Pro-Tip: Buy the same brand (i.e. matched) socks and liners so the wick at the same rate

Image Clothing isn't only for warmth, notice the gloves for the chain section of Mooney Falls

Electronics

You should always take your cell phone with you hiking. You might have to pack it into a waterproof case, but it should come with. It can be your compass, flashlight, GPS, map, camera, reference guide, and so much more than a phone. In fact, I would seriously consider putting your phone in airplane mode before heading out to preserve your battery for when you need it.

For redundancy’s sake, I usually pack a headlight too. The flashlight feature on your phone eats batteries. A light and simple LED headlight will last for 40 hours, and you would want one if you’re planning a night hike. If you’re caught out unexpectedly, you’re going to need your phone to find the trail, checking in, or something else besides lighting the way.

Always pack your cell phone for a day hike

Various and Sundry Items to Pack for a Day Hike

  • Trail hammock – They’re super light and comfy. Great for lounging or emergency shelter.
  • Emergency blanket – Some people say pack a plastic bag, but these guys are only $5 and work better. This is an emergency item that doesn’t really fit back into its original packaging.
  • Hiking sticks -People who have them, love them. You know they help your knees on the downhills, but they work well to keep from startling bears as long as you clink them together coming around blind corners to let them know you are there.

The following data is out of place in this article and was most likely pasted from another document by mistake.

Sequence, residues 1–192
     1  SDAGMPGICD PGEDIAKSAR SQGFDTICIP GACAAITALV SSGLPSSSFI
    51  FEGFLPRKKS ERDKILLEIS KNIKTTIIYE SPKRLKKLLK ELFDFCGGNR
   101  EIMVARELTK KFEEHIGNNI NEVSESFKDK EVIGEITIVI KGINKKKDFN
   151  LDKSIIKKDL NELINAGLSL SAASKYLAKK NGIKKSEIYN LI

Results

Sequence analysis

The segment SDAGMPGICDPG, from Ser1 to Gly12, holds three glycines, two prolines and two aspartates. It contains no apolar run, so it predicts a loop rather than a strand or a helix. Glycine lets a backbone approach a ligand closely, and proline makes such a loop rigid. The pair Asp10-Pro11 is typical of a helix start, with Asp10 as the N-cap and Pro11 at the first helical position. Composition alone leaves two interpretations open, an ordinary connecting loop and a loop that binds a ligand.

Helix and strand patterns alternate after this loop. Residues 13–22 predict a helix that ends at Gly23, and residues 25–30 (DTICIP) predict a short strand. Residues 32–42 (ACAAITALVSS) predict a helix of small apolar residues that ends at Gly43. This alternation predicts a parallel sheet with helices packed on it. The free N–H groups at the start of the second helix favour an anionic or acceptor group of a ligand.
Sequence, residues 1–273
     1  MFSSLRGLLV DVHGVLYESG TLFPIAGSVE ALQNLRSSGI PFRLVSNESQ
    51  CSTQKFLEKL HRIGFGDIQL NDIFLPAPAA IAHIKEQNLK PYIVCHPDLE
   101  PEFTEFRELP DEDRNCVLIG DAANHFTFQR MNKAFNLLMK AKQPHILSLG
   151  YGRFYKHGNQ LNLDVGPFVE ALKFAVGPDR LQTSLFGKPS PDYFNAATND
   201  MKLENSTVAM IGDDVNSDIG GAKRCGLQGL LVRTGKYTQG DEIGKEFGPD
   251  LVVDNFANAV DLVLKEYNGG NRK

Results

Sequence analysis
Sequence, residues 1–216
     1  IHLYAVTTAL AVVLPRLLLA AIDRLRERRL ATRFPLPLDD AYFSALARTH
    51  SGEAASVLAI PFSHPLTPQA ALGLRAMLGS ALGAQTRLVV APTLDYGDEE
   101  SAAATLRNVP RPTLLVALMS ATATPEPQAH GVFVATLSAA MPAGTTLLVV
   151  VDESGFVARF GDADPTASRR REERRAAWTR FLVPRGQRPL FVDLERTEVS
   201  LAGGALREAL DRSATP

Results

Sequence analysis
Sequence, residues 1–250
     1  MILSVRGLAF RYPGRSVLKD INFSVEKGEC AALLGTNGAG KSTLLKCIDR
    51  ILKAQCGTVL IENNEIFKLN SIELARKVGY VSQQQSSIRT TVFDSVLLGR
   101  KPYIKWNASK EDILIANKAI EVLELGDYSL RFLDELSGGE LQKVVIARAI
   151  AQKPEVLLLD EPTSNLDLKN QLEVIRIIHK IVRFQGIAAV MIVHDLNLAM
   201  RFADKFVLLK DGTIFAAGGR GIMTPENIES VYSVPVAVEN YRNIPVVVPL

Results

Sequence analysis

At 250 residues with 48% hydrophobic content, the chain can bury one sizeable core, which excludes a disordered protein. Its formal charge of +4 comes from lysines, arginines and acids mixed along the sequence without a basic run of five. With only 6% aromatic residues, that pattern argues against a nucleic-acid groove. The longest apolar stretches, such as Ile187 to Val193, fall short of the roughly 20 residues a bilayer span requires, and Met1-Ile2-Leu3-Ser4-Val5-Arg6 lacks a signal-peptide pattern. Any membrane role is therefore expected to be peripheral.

• Bear spray – Make sure you apply bear spray early for optimal flavor. JK. Seriously though, this is not needed for most hikes, but mandatory in grizzly country.
  • Small knife – You don’t need a Rambo survival knife, but having a little knife like will go a long way, especially if you’re cutting down Moleskin or your shammy cloth.
  • Lighter – They don’t weigh much, and starting fires by rubbing sticks together is a punishment for naughty Boy Scouts who weren’t prepared.
Jenn hiking with hiking sticks

Packing List for Day Hike

That’s my two cents on what to pack for a day hike. It’s a lot to remember sometimes, so I am including a handy packing list for a day hike below. Please modify this to your tastes and what is appropriate for your trails.